But there are other needs too; there’s a need to be fulfilled. And that has nothing to do with “outside.” For that, you have to turn inside. For that clarity, you have to turn inside. For that beautiful understanding, you have to turn inside. Because that’s where you will find it. In you! In you—exists all those things that you think are so far away from you. And that’s the irony.
How beautifully Kabir describes that. “That that deer, the musk deer is looking for the scent of the musk. And it searches the forest—but that scent is actually coming from the deer’s own navel.” That’s where the musk is.
And it’s a tragedy. And how? That Kabir says, “Like there is fire in the flint, like there is oil in the sesame….” Little seed, sesame seed. You don’t think there is much oil in there but you squeeze a bunch of those seeds and there is a lot of oil, sesame seed oil. “And like in the flint, there is fire, so the divine is in you. And if you can awaken to that, awaken. If you can open your eyes to that, open.”
And where there is the divine, there is the clarity; there is the serenity; there is the understanding—all that is good is in you. Always has been, always will be. You will look for it outside—because that’s your habit. Now, nobody carries ice cream in their pocket. So when you want ice cream, you look for it outside—of course.
But the divine, you carry inside of you. The clarity, you carry inside of you. The understanding, you carry inside of you. The joy, you carry inside of you. Fulfillment, you carry inside of you—the true fulfillment. And that’s where you have to look for it. That’s where you have to see. That’s where you have to understand.
It’s not a question of “Oh, yeah, I know that.” It’s not a question of “Oh, yeah, I know that.” It’s a question of what are you doing with that—and if you know that the divine is inside of you, what are you doing about it?
Are you excited? I mean, how excited should you be? It should be no limits of how excited you should be that the divine is inside of you. You should be so excited that all those things that you look for, that you need, are inside of you. That that—that is another reality. We consider this world to be a reality—but there is another reality. And this is as real as it is. And sometimes it’s not very real.
I mean, you know, I had the best-laid plans. If somebody would have said, “In 2020, you know, there’s going to be a long period of time you’re not going to be doing events,” I would have said, “That’s not true. I want to go do events.” But the situation changed. I’m not going to invite people to a hall—open them up for contamination; I’m not going to do that.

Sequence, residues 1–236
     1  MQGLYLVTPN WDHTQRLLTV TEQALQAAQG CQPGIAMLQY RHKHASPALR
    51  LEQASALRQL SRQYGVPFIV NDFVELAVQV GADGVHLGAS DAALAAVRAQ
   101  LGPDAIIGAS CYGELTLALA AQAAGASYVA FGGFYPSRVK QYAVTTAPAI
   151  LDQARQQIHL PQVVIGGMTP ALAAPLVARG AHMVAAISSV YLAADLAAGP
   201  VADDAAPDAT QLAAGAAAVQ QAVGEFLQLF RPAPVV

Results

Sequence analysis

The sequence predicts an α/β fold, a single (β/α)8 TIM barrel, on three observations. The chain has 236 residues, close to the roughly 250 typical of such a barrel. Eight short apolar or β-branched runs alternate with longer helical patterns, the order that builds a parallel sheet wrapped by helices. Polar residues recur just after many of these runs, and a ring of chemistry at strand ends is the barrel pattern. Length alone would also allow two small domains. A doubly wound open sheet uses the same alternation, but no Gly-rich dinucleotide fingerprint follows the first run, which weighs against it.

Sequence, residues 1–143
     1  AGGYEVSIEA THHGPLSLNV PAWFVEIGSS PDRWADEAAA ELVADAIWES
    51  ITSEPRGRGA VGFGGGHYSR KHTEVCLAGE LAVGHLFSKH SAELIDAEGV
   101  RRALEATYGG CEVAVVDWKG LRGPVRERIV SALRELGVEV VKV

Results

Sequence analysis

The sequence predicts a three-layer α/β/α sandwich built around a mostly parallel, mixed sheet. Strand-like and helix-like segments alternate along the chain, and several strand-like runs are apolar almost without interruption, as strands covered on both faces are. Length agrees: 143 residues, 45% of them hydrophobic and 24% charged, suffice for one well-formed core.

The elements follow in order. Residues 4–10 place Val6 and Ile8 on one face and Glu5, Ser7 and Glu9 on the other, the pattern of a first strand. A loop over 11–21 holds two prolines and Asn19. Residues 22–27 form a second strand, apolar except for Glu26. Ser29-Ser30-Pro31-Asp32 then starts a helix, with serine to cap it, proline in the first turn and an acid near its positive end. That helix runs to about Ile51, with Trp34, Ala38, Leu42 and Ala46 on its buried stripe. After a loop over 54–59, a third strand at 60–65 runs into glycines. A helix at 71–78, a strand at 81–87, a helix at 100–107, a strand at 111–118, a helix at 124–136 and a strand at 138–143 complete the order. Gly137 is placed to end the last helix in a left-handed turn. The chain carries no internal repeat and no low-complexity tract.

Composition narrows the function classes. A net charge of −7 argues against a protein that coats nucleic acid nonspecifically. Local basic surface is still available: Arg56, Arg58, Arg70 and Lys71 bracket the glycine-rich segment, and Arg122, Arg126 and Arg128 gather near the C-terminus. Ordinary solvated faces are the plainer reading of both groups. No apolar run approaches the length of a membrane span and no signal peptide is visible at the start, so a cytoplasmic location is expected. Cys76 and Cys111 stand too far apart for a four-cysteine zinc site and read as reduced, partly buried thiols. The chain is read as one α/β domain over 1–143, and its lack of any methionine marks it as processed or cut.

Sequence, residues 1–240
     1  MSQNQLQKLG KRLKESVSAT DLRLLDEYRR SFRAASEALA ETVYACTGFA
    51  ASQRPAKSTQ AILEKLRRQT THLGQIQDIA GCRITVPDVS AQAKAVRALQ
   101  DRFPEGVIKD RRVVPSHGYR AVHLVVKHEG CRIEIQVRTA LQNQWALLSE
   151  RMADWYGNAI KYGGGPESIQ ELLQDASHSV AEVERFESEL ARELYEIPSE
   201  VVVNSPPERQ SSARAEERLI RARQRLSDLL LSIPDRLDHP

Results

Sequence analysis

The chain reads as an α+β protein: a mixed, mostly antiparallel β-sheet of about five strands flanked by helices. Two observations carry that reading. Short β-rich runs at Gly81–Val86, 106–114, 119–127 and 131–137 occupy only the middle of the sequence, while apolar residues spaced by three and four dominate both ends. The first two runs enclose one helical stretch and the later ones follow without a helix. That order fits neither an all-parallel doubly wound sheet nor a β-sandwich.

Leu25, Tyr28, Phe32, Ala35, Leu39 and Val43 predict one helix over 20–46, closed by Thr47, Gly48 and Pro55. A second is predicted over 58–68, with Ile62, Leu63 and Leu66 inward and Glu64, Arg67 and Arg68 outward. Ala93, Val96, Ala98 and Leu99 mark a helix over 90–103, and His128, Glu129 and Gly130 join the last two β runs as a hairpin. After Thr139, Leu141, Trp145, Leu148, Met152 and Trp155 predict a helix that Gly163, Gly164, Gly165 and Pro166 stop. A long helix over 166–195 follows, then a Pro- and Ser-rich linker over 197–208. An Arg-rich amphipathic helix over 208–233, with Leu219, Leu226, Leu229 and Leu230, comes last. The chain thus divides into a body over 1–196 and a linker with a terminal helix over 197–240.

So, here I am, trying to do my best, you know, to reach out to you, to talk to you through these videos. It’s not like there’s a ton of people in this room; there’s nobody else except me. I come in; I turn on the lights; I turn on the camera; I shoot. Then I take the card and upload the file and it, off it goes.
I’m used to talking on video but usually, there are a lot of people around—you know, somebody’s watching the camera; somebody’s watching the lights; somebody’s doing this; somebody’s doing the audio. But this is all just set up and—I do my thing. So, which one is real; what is real?
In April of 2019, there was no hint, (at least, to us), of any coronavirus. Everything was good. Everything was great. And all of a sudden, come around December, we start to hear, “coronavirus, coronavirus, coronavirus.” And everything starts to change. Then the next thing you know, lockdowns are happening. Lockdown here, lockdown there, lockdown everywhere.
But the reality of this breath has not changed. And because I was talking to somebody today on a phone call—and they said, “Oh, you know, everything has changed because of this.” And I said, “No. No. This is an obstacle, perhaps, in our plans—but the reality, the true thing has not changed.”
The breath still comes into you—and that’s what was keeping you alive before, is keeping you alive now—and hopefully, if you take those precautions, it will be keeping you alive for a lot longer than you want to, maybe. That would be great.
So, your life, your existence—a great time to even think about resetting. Let go; let go of all that burden that you carry on your shoulders—and stand up straight for a change. And walk this life, learn from this time. And enjoy being alive, even in this weird circumstance.
Don’t let it affect you. It doesn’t need to; it doesn’t need to affect you. It is what it is. All you need to do is take some precaution. And if you take those precautions, you’ll be fine. You’ll be fine.
So, take care of yourself. Be. Be safe. Be well. And most importantly, be.
I’ll see you tomorrow. Thank you.